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Thermal Bridging Solutions to Improve Building Envelope Performance

Thermal bridging is a big concern in the building industry, it has been recognized as a significant factor in building envelope heat loss. By reducing heat flow through a building’s thermal envelope we can reduce energy consumption as well as prevent potential condensation issues. Building codes have increased requirements of building enclosures requiring ‘continuous insulation’ without thermal bridging. Thermal break materials can be used to reduce heat loss in wall assemblies, transitions and structural connections throughout the building envelope. They can minimize building energy loss and improve building envelope performance.

This course will provide an overview to thermal bridging, discussing the reasons why it occurs as well as how it can be prevented. This course will also compare building details with and without thermal break solutions to highlight the importance of determining accurate values of thermal transmittance.

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Understanding Regulatory Compliance for Water Efficiency in Commercial Plumbing

This course seeks to inform architects and LEED professionals, as well as plumbing engineers and designers, about the various aspects of regulatory compliance for plumbing fixtures. The course will review the history and adoption of plumbing codes, standards, and certifications. The course will also provide detailed analysis of how these can help reduce water consumption while maintaining maximum performance.

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Performance Fabrics in Sustainable Design

Windows, views, and openings in buildings present the classic battle between form and function. The designer naturally wants the building’s occupants to enjoy views and light, but the solar heat gain from these openings can wreak havoc on sustainable goals; however, sophisticated and high-performing solar control fabrics can help reconcile the form and function of light, views, and sustainability.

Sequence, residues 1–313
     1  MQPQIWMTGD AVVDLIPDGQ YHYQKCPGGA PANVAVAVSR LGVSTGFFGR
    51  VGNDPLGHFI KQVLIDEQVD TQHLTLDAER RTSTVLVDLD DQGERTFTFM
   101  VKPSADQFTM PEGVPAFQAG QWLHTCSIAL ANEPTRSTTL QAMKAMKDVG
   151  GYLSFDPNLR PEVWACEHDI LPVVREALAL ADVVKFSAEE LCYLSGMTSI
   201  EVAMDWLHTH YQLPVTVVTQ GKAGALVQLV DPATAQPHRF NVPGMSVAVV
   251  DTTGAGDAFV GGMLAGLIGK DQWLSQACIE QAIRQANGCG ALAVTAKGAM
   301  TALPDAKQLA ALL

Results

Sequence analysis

There are many solar control fabrics on the market; wading through them can be overwhelming. This course aims to help educate the designer about what performance fabrics are, the content of various fabrics, how they work, and the benefits to a sustainable design in meeting and maximizing your goals of occupant health, safety, wellbeing, and sustainability.

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Involving Caregivers in the Design Process

When homeowners need modifications of their living space following an accident or diagnosis of a degenerative disease process, one of the smartest things they can do is involve an occupational therapist (OT) into the remodeling design process.

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Aging in Place vs. the Housing Stock

Most people over age 50 desire to remain in their homes as they age, but the homes they live in may preclude that from happening. Learn more about accessibility needs.

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Pretty is as Pretty Does - and Universal Design Does it Really Well

Universally designed products do their good works quietly: You won’t even notice how well they function—what you will notice is simple, beautiful and smart design.